The work of the Civilian Conservation Corps is a story in itself—an epic in conservation accomplishment. The camps assigned to the Soil Conservation Service carried out a prodigious job in winning the confidence of farmers in the effectiveness and practicability of soil conservation. Page 22.
The principle of using combinations of coordinated skills or techniques of sound agriculture is part of the basic concept of permanent soil conservation—or modern soil conservation as it is sometimes called. Page 25.
... ours was a new type of program in which success depended on making use of all available and effective measures of control, singly or in combination, as needed in order to establish durable conservation on all the land. Page 25.
I consider the soil conservation districts movement one of the most important developments in the whole history of agriculture. Page 28.
Every additional gallon of water that can be stored in the soil through the use of conservation measures means one gallon less contributed to flood flows. Page 37.
We cannot depend on windshield surveys and office planning to carry out a job of the complexity and magnitude of safeguarding our farmland and controlling floods. Page 38-39.
As a nation we will conserve our productive land and use it prudently only if there is sustained public demand for such a course of action. Page 44.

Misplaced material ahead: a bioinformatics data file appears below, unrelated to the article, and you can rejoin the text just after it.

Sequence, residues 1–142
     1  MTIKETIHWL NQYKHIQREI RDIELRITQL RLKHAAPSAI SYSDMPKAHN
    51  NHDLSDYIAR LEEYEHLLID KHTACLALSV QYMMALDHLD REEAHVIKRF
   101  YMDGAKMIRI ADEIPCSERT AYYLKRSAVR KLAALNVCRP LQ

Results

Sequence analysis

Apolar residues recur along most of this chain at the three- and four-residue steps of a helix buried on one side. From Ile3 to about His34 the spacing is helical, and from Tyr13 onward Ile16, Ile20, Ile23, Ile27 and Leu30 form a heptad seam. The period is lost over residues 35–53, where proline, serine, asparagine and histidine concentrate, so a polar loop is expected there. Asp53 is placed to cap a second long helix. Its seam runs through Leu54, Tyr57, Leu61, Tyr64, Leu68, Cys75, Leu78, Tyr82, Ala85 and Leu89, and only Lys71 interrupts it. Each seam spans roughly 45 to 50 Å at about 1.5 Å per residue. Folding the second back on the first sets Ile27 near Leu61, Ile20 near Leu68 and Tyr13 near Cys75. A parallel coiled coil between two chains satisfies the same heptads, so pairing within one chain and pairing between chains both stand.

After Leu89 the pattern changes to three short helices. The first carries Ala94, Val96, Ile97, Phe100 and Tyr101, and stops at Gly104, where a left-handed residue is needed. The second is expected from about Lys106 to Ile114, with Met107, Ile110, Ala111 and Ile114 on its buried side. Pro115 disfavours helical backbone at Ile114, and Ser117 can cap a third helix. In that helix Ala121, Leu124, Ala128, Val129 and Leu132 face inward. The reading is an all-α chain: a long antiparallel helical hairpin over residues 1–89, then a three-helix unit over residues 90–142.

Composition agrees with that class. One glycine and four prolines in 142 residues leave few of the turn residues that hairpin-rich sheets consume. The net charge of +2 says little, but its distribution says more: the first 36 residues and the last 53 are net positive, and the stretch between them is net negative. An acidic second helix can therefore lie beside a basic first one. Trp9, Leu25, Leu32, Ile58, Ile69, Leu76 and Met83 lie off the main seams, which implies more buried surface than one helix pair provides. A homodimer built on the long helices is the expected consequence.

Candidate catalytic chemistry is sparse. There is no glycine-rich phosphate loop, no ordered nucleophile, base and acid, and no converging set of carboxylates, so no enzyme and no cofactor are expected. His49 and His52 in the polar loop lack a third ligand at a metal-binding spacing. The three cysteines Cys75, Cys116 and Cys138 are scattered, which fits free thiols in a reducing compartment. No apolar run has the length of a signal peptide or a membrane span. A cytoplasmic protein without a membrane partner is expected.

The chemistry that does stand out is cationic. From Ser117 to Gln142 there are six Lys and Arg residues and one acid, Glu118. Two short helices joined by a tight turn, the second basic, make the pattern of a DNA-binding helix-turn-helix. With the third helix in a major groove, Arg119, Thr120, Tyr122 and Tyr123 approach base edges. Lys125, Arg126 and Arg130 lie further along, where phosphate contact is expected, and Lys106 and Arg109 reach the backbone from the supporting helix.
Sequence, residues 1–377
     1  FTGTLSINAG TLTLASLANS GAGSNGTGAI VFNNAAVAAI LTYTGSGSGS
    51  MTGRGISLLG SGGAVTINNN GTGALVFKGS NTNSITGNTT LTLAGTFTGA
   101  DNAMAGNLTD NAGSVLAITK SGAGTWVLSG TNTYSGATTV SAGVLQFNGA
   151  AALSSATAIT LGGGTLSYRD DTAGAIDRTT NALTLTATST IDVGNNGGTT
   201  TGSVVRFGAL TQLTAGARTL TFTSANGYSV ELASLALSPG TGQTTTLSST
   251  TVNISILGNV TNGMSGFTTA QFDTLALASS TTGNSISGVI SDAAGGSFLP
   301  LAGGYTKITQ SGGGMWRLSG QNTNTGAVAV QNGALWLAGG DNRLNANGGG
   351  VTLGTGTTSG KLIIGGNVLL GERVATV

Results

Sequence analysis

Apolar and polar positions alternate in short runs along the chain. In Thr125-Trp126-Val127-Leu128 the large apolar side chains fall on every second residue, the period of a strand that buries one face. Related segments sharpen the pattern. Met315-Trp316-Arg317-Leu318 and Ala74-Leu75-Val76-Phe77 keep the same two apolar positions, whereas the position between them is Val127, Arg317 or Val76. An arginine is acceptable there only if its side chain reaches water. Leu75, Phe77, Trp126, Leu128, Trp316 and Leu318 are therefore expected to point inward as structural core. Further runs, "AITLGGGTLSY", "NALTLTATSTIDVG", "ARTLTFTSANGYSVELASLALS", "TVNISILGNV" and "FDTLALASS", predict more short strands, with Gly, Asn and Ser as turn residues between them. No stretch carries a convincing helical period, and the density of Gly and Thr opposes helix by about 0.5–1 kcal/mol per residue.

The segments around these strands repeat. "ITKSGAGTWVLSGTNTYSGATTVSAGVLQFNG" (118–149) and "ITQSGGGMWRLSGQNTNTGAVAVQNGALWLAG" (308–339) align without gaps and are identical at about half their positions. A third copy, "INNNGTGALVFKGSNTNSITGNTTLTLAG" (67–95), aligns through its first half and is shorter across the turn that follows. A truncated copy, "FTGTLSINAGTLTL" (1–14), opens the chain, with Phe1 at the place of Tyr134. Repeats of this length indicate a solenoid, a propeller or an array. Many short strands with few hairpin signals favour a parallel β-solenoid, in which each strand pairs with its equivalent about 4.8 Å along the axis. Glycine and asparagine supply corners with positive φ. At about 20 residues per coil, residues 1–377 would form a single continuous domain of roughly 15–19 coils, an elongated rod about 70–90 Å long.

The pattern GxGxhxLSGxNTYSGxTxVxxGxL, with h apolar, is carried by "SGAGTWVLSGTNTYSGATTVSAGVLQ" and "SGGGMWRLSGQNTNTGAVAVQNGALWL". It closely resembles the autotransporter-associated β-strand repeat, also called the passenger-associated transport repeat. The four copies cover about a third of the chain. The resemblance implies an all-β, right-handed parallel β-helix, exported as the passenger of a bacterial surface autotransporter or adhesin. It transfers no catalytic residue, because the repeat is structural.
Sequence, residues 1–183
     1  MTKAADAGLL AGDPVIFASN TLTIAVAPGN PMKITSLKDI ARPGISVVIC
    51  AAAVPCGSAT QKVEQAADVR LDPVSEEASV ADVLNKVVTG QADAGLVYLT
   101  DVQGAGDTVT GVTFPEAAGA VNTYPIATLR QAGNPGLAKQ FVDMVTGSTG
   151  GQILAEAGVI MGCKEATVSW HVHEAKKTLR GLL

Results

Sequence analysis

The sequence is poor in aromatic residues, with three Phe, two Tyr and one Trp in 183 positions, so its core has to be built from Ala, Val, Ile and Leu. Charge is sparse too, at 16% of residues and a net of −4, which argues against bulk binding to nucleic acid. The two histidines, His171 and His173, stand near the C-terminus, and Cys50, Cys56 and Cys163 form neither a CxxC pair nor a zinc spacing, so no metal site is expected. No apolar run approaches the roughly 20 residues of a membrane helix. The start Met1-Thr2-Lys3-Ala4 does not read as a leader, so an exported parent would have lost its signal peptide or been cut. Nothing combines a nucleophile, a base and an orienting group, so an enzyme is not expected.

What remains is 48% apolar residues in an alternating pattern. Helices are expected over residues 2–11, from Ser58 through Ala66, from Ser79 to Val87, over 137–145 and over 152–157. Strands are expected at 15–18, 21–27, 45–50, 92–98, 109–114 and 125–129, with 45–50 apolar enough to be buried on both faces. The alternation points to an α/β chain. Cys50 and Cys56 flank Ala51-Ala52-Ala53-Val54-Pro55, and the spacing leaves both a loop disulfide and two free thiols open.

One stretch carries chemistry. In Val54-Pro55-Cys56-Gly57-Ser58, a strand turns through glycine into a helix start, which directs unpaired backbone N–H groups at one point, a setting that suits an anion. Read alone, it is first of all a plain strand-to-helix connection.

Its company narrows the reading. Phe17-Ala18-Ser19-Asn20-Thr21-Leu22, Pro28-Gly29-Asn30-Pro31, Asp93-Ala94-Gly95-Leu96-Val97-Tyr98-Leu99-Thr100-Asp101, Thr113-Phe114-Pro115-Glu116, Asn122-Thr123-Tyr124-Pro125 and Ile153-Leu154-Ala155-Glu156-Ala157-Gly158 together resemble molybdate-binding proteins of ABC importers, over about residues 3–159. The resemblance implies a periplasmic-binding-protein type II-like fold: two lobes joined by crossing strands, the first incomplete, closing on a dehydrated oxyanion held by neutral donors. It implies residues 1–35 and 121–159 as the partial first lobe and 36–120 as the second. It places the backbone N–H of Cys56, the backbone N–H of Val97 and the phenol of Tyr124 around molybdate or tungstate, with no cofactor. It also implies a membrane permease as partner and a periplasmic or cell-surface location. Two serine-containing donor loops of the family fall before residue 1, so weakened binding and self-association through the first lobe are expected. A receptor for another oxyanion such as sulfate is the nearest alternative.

If you will take the trouble to ascertain the facts about our farmland—and other natural resources—and then lend your support to our conservation program we will get results and hold on to them. To stand by silently will not help. Page 44.
Man has been so occupied with his business, professional, and industrial affairs that these and other chapters in the history of land have been generally overlooked until recently. Page 44.
A prosperous and enduring agriculture depends on an adequate supply of productive land, properly used and so protected from erosion that it will remain permanently productive. Page 46.
In my judgment, complacency with respect to the security and sufficiency of our land is what we have most to fear. Page 48.
Carrying out an effective nationwide soil conservation program is not a simple matter in a large country of diversified characteristics and interests. Page 48.
From every conceivable angle—economic, social, cultural, public health, national defense—conservation of natural resources is an objective on which all should agree. Page 50.